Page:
July 25, 2019

Governor of Puerto Rico, Ricardo Rosselló, resigned from office effective August 2. His resignation gives in to public protests regarding corruption allegations and distrust of the federal office to solve economic issues. Currently, 45% of citizens live below the poverty line in Puerto Rico.

Many of the problems the governor promised to address remain unresolved. Intelligence analyst for the Americas region, Anthony Tipping, commented in the Wall Street Journal about the underlying issues still at hand. “There is a lot of expectation, but change will be hard to come by. Puerto Rico still woke up today with a huge poverty rate. These underlying issues aren’t going away.”

The leak of nearly 900 pages of offensive messages between the governor and his inner circle sparked weeks of protests. Celebrations followed the announcement of his resignation on the night of July 24 outside the governor’s mansion in San Juan.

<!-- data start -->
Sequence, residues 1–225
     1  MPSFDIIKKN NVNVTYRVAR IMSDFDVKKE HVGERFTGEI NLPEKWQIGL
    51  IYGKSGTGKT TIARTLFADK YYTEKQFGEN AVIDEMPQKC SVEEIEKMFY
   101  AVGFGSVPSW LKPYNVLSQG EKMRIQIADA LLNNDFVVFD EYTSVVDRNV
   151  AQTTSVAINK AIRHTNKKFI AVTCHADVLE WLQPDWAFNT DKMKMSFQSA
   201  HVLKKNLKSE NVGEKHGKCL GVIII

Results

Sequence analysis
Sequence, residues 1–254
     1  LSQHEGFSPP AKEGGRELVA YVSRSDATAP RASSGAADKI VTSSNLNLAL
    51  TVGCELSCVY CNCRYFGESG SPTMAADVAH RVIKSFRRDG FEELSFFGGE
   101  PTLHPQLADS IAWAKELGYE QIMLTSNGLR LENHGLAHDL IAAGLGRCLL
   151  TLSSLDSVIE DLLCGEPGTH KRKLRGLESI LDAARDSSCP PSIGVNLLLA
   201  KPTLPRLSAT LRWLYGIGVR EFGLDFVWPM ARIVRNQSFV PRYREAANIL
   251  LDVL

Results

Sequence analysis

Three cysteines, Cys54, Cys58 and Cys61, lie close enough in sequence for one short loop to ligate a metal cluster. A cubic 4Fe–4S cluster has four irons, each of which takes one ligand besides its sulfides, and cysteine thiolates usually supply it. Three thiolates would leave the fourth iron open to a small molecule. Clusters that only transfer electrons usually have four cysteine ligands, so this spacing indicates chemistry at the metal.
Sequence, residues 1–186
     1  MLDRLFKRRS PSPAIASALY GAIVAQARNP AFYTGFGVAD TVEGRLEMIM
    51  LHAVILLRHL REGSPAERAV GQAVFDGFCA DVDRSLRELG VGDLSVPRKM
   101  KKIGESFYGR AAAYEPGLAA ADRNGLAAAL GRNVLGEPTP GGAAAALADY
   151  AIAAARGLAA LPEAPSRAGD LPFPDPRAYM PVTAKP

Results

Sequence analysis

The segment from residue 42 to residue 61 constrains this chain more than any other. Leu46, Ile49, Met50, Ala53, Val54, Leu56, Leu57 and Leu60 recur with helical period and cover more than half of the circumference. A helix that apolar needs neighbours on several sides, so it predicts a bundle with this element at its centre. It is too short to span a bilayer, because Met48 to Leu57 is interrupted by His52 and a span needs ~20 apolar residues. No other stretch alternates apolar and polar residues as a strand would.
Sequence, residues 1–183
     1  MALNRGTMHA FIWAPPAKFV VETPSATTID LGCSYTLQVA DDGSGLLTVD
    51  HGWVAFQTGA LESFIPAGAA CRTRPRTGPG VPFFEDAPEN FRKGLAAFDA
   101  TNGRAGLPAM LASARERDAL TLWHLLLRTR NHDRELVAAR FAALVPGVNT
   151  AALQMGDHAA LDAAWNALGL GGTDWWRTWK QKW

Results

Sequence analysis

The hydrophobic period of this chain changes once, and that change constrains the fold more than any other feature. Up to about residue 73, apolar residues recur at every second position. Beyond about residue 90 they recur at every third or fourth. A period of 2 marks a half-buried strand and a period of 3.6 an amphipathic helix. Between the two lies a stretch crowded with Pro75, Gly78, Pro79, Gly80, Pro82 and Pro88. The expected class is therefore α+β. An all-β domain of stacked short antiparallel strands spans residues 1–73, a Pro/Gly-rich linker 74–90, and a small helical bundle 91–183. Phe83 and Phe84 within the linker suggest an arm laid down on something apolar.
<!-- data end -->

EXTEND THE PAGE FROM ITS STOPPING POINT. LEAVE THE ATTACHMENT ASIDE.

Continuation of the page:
By the morning of July 25, most of the streets around the mansion had reopened to traffic, but protests continued in San Juan and caused transportation disruptions in Hato Rey. The article says, “Some protesters held signs demanding sweeping, systemic change.”

The Federal Emergency Management Agency (FEMA) is geared to restrict Puerto Rico’s access to relief funds. The article states, “Puerto Rico must receive approval from the agency to draw down all funds related to Hurricanes Irma and Maria, both of which hit in 2017. Puerto Rico’s Office of Government Ethics said it has asked its attorneys to determine whether the person poised to become the next governor committed ethical violations related to Hurricane Maria relief efforts.”

Learn more in the full article.


About Anthony Tipping 

Anthony Tipping is a Regional Intelligence Analyst for the Americas. He holds an MSc from the London School of Economics and an MA from Emory University. His background is in political and economic history and Latin American studies, and he is fluent in Spanish and Portuguese. He is originally from London, has lived in Bogotá and Moscow, and currently resides in Washington, D.C.